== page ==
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U.S. nuclear missile submarine visits S.Korea as allies launch planning talks

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For the first time since the 1980s a U.S. nuclear-armed ballistic missile submarine (SSBN) is in South Korea, a senior U.S. official said on Tuesday, as the allies launched talks to coordinate responses in the event of a nuclear war with North Korea.

White House Indo-Pacific coordinator Kurt Campbell confirmed the visit, which had been expected after the visit was announced in a joint declaration during a summit between South Korean President Yoon Suk Yeol and U.S. President Joe Biden in Washington in April.

“As we speak, an American nuclear submarine is making port in Busan today, that’s the first visit of American nuclear submarine in decades,” Campbell told reporters at a briefing in Seoul, where he was attending the first Nuclear Consultative Group (NCG) discussion with South Korean officials.

The group, aimed at better coordinating an allied nuclear response in the event of a war with North Korea, was also announced during the April summit amid growing calls in South Korea for its own nuclear weapons, a step Washington opposes.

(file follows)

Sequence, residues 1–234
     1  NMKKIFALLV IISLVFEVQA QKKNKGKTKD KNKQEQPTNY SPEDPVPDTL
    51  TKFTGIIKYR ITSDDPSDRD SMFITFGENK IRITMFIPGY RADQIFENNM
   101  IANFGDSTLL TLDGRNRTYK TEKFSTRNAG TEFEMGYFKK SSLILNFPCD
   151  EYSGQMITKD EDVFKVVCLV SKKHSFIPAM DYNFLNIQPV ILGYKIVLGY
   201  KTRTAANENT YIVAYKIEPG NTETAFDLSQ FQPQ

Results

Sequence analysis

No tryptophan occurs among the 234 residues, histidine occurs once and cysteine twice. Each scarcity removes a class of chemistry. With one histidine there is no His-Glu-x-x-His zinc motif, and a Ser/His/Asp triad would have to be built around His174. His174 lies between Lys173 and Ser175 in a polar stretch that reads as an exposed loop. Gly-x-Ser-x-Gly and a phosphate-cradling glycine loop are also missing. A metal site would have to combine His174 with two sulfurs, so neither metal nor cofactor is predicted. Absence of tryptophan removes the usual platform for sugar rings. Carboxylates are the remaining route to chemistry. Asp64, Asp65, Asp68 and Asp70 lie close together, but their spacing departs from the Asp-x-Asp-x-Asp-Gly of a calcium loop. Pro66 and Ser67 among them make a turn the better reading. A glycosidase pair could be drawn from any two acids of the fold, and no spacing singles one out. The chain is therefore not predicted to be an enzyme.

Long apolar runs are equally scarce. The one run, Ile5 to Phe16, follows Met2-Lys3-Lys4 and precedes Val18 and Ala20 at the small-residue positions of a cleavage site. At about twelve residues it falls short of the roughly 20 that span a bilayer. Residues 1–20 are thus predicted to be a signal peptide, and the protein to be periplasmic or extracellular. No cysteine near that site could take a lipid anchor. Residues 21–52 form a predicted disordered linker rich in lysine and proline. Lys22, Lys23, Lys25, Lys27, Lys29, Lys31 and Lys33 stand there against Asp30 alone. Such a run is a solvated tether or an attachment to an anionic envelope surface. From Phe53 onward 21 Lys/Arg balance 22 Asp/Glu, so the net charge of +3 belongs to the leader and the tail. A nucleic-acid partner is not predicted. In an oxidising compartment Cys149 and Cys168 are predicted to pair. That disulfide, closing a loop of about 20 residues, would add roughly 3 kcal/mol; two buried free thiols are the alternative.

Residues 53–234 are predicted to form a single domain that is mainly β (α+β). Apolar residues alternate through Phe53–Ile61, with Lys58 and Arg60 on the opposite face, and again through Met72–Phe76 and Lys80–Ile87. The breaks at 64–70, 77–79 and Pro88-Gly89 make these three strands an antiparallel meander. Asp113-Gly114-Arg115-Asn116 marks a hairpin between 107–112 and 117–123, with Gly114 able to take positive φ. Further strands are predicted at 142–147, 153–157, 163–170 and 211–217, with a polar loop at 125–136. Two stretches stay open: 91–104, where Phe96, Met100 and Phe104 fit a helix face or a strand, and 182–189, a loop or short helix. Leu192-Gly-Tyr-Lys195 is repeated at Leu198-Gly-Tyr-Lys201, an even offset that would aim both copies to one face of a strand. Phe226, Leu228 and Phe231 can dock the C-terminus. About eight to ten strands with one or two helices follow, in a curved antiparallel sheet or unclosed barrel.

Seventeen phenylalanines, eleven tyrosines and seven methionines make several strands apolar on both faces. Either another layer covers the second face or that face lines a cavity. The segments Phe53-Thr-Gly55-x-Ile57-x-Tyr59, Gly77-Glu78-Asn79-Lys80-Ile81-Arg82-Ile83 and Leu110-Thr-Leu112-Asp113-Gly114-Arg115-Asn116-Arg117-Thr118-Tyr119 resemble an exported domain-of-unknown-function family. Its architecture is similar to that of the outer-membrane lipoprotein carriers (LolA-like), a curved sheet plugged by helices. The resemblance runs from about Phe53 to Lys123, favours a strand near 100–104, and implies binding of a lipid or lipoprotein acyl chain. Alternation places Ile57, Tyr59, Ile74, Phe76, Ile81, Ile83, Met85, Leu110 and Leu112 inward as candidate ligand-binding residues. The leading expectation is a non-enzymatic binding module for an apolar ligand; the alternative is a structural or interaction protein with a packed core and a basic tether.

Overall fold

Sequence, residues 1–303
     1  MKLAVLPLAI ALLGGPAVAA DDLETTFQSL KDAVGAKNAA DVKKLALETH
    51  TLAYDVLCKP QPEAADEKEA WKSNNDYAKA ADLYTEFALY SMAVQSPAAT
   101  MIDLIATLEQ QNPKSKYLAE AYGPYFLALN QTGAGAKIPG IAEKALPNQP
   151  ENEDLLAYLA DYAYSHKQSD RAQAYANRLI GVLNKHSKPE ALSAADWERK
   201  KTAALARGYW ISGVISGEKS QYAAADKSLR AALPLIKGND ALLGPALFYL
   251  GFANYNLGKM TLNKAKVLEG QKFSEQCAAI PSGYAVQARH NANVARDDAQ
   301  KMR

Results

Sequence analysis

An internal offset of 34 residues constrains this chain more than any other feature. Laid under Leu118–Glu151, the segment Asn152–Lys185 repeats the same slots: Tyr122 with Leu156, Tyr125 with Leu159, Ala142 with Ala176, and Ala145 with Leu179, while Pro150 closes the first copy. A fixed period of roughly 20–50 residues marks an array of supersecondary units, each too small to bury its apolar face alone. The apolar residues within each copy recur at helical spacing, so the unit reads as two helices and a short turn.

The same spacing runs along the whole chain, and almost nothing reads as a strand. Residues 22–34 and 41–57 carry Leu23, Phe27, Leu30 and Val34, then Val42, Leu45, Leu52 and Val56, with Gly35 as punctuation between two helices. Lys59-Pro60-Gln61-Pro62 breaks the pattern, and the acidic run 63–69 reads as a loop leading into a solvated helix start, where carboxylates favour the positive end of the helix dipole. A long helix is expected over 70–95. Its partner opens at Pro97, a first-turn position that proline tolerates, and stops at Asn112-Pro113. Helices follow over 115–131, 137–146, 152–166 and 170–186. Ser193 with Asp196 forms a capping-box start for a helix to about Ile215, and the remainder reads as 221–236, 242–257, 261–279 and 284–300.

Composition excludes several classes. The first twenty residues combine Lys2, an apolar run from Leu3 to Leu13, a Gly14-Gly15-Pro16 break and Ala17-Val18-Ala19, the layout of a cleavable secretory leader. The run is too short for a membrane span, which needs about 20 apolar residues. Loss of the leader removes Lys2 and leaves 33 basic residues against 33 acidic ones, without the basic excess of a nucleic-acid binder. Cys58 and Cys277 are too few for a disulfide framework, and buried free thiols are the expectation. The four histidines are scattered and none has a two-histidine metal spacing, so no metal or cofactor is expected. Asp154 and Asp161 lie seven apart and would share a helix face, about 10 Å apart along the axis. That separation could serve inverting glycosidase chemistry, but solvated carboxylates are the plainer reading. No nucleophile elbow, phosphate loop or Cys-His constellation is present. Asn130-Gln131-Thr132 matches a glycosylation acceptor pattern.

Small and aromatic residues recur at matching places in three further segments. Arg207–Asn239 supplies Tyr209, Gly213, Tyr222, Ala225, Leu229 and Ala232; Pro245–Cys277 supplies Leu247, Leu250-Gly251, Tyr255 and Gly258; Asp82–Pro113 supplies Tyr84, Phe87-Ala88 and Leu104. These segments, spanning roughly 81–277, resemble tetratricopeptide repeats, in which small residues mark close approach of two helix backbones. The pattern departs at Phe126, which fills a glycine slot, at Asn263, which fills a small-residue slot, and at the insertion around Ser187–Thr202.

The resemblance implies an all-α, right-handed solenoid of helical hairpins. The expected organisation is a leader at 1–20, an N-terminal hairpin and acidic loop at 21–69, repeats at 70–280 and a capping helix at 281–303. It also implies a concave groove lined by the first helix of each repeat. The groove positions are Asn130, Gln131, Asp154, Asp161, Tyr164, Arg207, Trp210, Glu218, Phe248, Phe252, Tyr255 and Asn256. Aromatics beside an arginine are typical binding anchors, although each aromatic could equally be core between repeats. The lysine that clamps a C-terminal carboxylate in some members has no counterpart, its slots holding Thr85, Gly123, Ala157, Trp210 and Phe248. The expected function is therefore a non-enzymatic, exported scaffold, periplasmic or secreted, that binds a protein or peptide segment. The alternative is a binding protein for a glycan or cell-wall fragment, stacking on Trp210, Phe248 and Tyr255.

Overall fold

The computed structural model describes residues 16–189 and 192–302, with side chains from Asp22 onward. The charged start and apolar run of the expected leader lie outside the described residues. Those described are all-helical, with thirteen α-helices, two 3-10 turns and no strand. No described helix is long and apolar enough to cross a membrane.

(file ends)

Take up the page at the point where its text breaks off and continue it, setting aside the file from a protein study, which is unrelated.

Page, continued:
Campbell said the submarine’s visit is a manifestation of American commitments to South Korea’s defence.

South Korea’s Principal Deputy National Security Adviser Kim Tae-hyo, who co-chaired the meeting with Campbell, said the discussions are enough to ensure there is no need for South Korea to develop its own nuclear weapons.

The two sides agreed to facilitate information sharing, coordination, and planning in the event of a North Korean nuclear attack, which would face an “overwhelming” allied response, Kim added.

South Korean President Yoon Suk Yeol said the new nuclear consultative group would be a “starting point” to build a strong and effective deterrence against North Korea.

“Through a South Korea-U.S. alliance upgraded to a new nuclear-based paradigm, we will make substantial efforts to fundamentally block North Korea’s nuclear and missile threats,” Yoon told a briefing.

China and North Korea have criticised the group’s formation as further raising tensions on the Korean peninsula.

On Monday North Korea, which test fired an intercontinental ballistic missile (ICBM) last week, condemned the NCG for “openly discussing the use of nukes” and warned against allied plans to increase displays of military force, including so-called “strategic assets” such as U.S. aircraft carriers, bomber aircraft, and submarines.

When asked whether South Korea will have a role in U.S. nuclear war planning, a senior U.S. administration official told Reuters the group was more about sharing information.

“A lot of the objective here is to make sure that our South Korean allies have more transparency, more access, more direct connection with planning, so that they can understand how government officials have long been thinking about what goes into defence and deterrence for South Korea,” the official said, speaking on condition of anonymity to discuss the talks.

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